The Indian Army has deployed additional tanks in the mountainous border areas of Ladakh, in Jammu and Kashmir, along its borders with China as a precaution against China's aggressive military postures.
In an unusual move, New Delhi has deployed more than 100 of the Russia-made T-72 tanks on the barren heights of Ladakh in its disputed border with China, a strategy seen as beefing up India's presence in an area that overlooks the Tibet Autonomous Region.
China has been constantly upgrading its military infrastructure especially on its border with India.
The Indian Army, however, said the move is part of the winter drill to validate the capability of the T-20 tanks at such heights and is not an inimical move against China.
''What we have done is that we have procured special additives and lubricants for high altitude terrain such as winter grade diesel and additives for the lubrication system, which prevents it from freezing in the tank,'' reports quoting Colonel Vijay Dalal, Commanding Officer of a tank, as saying.
While the tanks and crew have acclimatised, they have not been able to test their fire power in the heights here due to lack of firing ranges. There is a need to verify their firing capacity at higher altitudes and the Ladakh region, which is lined with plains in between the mountain ranges, offers a chance to test the T-20 tanks.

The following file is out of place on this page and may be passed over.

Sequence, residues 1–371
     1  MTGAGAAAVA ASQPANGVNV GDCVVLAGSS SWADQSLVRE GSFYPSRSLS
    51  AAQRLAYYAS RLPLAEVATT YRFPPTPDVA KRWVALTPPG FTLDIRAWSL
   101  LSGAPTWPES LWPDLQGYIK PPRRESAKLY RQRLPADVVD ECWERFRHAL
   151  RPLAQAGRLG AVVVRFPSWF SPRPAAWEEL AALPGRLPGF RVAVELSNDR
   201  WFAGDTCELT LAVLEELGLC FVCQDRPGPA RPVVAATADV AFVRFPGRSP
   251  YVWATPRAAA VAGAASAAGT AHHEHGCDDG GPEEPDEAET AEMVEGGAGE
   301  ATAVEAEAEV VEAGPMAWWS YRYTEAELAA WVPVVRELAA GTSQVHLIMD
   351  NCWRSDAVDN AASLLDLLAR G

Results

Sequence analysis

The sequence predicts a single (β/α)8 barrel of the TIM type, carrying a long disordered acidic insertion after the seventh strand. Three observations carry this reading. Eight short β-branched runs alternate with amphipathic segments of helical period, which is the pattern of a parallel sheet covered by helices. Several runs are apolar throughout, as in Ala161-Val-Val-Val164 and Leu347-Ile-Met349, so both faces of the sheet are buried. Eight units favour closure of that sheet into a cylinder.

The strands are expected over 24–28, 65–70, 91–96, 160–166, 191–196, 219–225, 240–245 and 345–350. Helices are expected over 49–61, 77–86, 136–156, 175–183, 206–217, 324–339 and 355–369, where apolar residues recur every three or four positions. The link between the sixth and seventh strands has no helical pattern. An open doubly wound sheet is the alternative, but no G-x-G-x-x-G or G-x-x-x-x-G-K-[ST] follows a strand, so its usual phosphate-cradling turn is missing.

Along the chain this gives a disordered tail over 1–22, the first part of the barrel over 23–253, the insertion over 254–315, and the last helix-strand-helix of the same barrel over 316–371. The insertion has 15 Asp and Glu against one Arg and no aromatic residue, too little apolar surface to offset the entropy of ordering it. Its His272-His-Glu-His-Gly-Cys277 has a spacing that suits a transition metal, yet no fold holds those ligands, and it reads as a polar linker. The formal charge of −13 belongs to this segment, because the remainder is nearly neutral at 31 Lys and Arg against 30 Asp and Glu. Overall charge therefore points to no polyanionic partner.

India has already deployed tanks in Sikkim. Operating and maintaining tanks at such low oxygen conditions has significant challenges. There is severe degradation in the performance of these tanks as the cold temperatures and high altitude affect several parts and sub-components of the tanks.
For training, however, the Army now sends its crew to the training centre at Ahmednagar, which is in the plains and has much different conditions.
This is the first time that India deployed the T-72 tanks in the Himalayan region after the 1962 Indo-China war, reports The Diplomat.
The latest deployment also comes amidst increased Chinese incursions, the latest by the PLA being on 8 March this year when Chinese troops entered almost six km near the Pangong lake area of Ladakh region. The move, however, was thwarted by the Indo-Tibetan Border Police (ITBP).
''The ITBP men showed banners and told the Chinese troops to go back. After a two-hour long verbal duel, the Chinese men went back. Such incidents keep on happening because of difference of perception on the LAC,'' the Hindustan Times quoted a senior security official as saying.
The Chinese PLA had made similar incursions into Indian territory in April 2015 and twice in 2014, July and December.
(See: 'Indian defence moves could hit investment from China' )